## CFG and syntax tree

context-free languages are common to both artificial languages and natural languages, can be resolved by syntax tree, which displays the grammatical consistent structure of a language text and constructing the tree is a step in many language processing (LP) tasks.

grammar specify what syntax tree is possible, consist of terminals of grammar or the leaf of syntax and non-terminals that not appear in sentences of language.

generating syntax tree from grammar, beginning with start symbol, repeatedly expanding non-terminal symbols, and we can generate infinitely many strings from this finite grammar, and the set of all strings generated by this grammar is defined as language, in term of language, we can also define it as set of derivations involving sentential forms, which is any sequence of terminals and non-terminals, that can appear in a derivation starting from the start symbol.

syntax trees may have structural ambiguity, which means one sentence several tree, and to avoid this we need carefully design grammar, but in real life, the natural language, structural ambiguity is a fact of life.

A context free grammar (CFG) consists of a finite set of terminals, a finite set of non-terminals, a choice of start symbols, a finite set of productions.

In terms of context free, we mean the derivations not depend on follow up derivations, there also something called context sensitive grammar, which depend on future derivation, for example, VB is context sensitive programming language.

## parsing problem，CYK and CNF

parsing problem is the one convert the string of terminals to syntax tree, to solve this problem, we can use CYK algorithm, with Chomsky normal form (CNF, notice that CNF also an abbreviation of conjunctive normal form), and the impressing thing is that this algorithm is dynamic, and can operate in $O(n^3)$ or, if we allow grammar to vary, the runtime would be $O(mn^3)$, where m is the size of grammar, if we allow ternary rules (conflict with CNF) in CYK, the runtime would be $O(n^4)$ and this is one major reason using CNF in CYK.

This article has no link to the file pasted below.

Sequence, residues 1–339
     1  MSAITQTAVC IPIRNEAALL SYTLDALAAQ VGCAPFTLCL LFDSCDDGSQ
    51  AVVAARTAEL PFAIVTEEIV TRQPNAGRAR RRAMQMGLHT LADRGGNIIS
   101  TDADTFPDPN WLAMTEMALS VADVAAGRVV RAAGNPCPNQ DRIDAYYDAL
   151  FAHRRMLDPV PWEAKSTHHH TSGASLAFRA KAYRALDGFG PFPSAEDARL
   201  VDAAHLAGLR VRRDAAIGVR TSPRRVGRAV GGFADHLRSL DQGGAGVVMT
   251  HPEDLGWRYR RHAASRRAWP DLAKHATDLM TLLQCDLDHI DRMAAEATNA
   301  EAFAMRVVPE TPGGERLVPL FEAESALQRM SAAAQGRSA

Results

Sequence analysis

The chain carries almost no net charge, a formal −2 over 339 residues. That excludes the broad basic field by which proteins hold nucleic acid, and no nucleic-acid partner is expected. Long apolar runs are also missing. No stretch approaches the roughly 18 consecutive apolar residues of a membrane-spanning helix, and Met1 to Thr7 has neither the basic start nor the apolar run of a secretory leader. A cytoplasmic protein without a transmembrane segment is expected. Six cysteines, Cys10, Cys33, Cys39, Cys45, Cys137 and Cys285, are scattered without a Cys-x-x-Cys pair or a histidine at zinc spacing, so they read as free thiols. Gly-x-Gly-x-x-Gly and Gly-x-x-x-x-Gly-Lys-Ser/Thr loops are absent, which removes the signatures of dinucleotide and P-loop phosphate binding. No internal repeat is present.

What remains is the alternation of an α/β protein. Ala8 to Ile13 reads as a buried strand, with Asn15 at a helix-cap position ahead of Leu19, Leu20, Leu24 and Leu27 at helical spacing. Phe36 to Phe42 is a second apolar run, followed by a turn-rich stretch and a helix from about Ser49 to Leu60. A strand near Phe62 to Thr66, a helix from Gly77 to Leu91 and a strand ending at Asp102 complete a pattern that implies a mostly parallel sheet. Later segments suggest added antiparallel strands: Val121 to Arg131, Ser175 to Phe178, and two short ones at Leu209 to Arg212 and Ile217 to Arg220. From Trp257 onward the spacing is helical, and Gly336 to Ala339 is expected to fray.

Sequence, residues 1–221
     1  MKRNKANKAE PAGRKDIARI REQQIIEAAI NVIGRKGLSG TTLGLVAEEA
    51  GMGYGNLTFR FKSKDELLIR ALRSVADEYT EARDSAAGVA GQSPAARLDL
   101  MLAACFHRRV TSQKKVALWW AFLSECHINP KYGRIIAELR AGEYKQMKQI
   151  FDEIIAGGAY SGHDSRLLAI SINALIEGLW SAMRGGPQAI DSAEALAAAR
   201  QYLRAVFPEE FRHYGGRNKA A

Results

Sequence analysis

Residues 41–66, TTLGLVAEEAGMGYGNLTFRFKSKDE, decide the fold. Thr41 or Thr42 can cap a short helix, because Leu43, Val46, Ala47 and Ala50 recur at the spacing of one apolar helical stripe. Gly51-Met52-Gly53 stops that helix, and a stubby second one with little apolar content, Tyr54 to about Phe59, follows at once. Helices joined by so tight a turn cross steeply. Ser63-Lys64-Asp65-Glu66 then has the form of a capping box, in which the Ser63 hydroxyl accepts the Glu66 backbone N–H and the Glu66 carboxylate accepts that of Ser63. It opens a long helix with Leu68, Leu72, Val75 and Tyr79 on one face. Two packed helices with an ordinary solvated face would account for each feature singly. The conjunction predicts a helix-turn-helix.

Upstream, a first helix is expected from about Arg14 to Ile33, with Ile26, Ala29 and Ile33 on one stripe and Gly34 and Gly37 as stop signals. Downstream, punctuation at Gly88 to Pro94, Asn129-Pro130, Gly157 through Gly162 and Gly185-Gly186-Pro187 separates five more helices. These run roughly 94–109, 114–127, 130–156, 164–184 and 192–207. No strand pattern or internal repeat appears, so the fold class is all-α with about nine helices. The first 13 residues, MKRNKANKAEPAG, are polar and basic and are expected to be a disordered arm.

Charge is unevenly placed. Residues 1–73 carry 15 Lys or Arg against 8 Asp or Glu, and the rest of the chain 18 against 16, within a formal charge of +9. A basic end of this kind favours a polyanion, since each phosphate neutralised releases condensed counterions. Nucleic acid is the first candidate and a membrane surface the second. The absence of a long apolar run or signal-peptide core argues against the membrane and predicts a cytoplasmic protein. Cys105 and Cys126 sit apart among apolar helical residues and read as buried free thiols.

We know that any CFG can convert to CNF, which is a grammar form that each RHS consists of either just two non-terminals or just one terminal, just like a binary tree, by adding new non-terminals.

CYK algorithm can identify all possible parses of a string of terminals by a recognizer, which determines if a given string belongs to the given language, also the one has no parses, called phantom constituents, can be recognized.

Getting the smallest CNF grammar equivalent to a CFG is NP-hard, in other words, there are no known polynomial-time algorithm, where NP denotes nondeterministic polynomial time.

Versions of CYK are quite widely used in Natural language context, where sentences typically have <100 words, but $O(n^3)$ runtime is not friendly to parse computer languages as programs may be massive.

## LL(1) parsing

The thought behind LL(1) predictive parsing is predicting by rule from just current token, by token we mean the word identify the non-terminal expansion, and ensure unique rule in each cell of a parse table, which is a table telling us which rule to apply in given situation denoted by non-terminal and terminal pair, also there is a new one called Blank entries, which is situations that never arise for a legal input.

LL(1) predictive parsing is done very efficiently with stack, which records the predicted form for the remaining input, with 3 type error messages, Error if no rule, Error if stack symbol is any other terminal, Error if stack empties sooner, moreover, the stack input has two functions, if the next peek is a terminal, it should pop this terminal, if the next peek is a non-terminal, it should check the parse table for the rule.

Notice that the stack pops from left to right, or growing from right to left.

LL(1) is an example of a top-down parser, builds syntax trees from the root, while CYK is bottom-up method, and LL(1) can runs in time $\theta(n)$ with small hidden constants, so it would be great if we try to ensure a CF language has LL(1) grammar.

LL(1) is nice for simple ‘command languages’ and the ‘lightweight’ parsing algorithm is a plus, but for large-scale languages, which want a bit more flexibility, LR(1) parsing is used.